Information Communication Technology is a movement that promotes, assists, or studies human communication that uses technology. Understanding that communication is a process based on many methods of exchange and interpretation makes it critical to examine as part of policy development especially in global contexts.
For instance as we see through myriad online examples (use facebook video here) our online interaction may differ drastically from our everyday non-online interactions which likely use subtle symbols and cultural cues or gestures to evoke our precise meaning.
This transition is not so far fetched from considering communication out of context. There is a failure of migrating western concepts of technologies to the context of different cultures and infrastructures due to preconceptions about what is needed. For the better part of history we have been obsessed with divvying up the world map however Author reminds us that weCannot taxonomize people based on single cultural backgrounds within the context of globalization and shifting boundaries. Being “here” or “there” marginalizes people especially when people self identify as both.
As more information exists online, especially in the form of government policies, it is important that individuals affected by such policies have access to them. If the policies are only available online and few communities have the resources to access them then how valuable is online access? It also demonstrates a significant gap between policy makers and citizens in terms of being able to use information. This is a very glossed over brief version of "the digital divide" where ICT is concerned that the division of the "haves" and "have nots" becomes more apparent when economy, health, water, warfare, social justice, literacy and other issues can be improved through information access. In simple terms: information access has the potential to solve many world problems.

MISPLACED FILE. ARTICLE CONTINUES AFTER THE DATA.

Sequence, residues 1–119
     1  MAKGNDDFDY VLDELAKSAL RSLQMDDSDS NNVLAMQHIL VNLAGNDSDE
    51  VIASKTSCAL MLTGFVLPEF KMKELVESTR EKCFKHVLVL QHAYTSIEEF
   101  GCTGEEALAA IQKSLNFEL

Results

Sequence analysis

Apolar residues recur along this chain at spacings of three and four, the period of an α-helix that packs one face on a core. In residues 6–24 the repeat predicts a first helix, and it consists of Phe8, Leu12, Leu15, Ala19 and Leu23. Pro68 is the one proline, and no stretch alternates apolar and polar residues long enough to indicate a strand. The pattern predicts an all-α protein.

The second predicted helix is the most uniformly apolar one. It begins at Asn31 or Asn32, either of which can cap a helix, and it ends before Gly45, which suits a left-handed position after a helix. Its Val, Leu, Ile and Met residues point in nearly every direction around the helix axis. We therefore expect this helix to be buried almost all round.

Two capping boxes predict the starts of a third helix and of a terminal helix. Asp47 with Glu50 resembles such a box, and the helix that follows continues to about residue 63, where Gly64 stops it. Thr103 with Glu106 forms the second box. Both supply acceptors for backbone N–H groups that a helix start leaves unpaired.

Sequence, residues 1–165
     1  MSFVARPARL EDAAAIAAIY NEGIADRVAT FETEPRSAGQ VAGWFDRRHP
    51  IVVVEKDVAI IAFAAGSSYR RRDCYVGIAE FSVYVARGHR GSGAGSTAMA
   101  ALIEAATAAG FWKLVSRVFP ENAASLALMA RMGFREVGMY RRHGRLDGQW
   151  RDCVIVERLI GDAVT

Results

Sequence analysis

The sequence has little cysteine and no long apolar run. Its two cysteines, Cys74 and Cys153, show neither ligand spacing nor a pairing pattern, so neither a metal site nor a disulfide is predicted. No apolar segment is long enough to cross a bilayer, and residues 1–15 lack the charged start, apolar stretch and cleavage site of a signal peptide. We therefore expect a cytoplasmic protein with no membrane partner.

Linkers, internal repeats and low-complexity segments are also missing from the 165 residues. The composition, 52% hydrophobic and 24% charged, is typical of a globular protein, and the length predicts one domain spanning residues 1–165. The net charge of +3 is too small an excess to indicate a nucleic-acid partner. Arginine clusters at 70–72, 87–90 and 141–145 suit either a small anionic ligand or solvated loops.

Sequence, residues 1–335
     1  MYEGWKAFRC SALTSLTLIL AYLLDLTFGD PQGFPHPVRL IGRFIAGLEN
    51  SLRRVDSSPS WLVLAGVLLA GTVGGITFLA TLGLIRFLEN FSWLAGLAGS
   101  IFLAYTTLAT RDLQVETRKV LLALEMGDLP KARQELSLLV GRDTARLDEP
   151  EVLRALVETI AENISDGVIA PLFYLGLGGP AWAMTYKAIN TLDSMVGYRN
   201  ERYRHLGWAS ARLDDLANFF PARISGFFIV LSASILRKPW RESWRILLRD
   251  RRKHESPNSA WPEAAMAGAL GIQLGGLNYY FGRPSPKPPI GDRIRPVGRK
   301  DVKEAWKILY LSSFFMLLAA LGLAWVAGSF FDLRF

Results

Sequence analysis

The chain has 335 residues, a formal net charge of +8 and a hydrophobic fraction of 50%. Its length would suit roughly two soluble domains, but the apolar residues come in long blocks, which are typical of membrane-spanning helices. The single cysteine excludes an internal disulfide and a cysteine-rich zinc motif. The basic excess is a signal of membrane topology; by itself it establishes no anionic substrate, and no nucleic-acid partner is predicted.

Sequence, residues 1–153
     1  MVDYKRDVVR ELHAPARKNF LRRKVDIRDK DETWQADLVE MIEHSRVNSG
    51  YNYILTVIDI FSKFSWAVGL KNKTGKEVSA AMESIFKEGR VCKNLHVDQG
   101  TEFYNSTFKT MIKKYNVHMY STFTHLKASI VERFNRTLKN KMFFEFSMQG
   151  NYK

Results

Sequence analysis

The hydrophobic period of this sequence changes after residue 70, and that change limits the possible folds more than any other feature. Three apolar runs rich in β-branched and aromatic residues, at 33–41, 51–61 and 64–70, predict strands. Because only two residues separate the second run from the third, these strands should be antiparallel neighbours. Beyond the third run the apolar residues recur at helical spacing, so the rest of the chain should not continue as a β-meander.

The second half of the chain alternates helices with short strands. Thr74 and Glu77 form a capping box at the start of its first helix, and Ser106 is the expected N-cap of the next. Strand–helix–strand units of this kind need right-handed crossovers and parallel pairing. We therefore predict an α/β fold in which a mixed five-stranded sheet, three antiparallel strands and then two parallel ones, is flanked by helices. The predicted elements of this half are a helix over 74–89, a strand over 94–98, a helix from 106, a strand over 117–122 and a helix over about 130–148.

Those working in ICT are aware that even with altruistic intent there is a burden to translate the benefit from a local relativist perspective. The conceptual buy in at the local level commits the community to ownership and stewardship of information. This sustainability of ICT is often required by development entities such as the World Bank and we have seen a trend in corporate interests backing communities and countries interested in receiving development money to build infrastructure. The new infrastructure is then of course compromised by corporate interests
. Historical transformations occurs when groups encounter/dominate each other (so we are all part of the postcolonial framework). This is just a pretty photo of SF.
In Lesotho, Ferguson’s example, World Bank reports recommended agricultural technology as a remedy for farmers who had lost their arable land to Dutch settlers. These approaches fail to discern the importance of political causes and political solutions to problems of poverty, leaving many failed development projects in their wake.
Rather than classifying people on various cultural dimensions, a generative view of culture suggests we ask how the technological objects and knowledge practices of everyday life become meaningful contingently and dynamically as social activity unfolds. development regimes have historically been aligned with the interests of politically powerful commercial and capital market actors
This is similar to the issues Edwards talks about with regards to inconsistent data in the field of climate change
A system cannot be supported without money. Staff cannot be trained without money. If the power and resources cannot be distributed evenly then the integration is asymmetrical.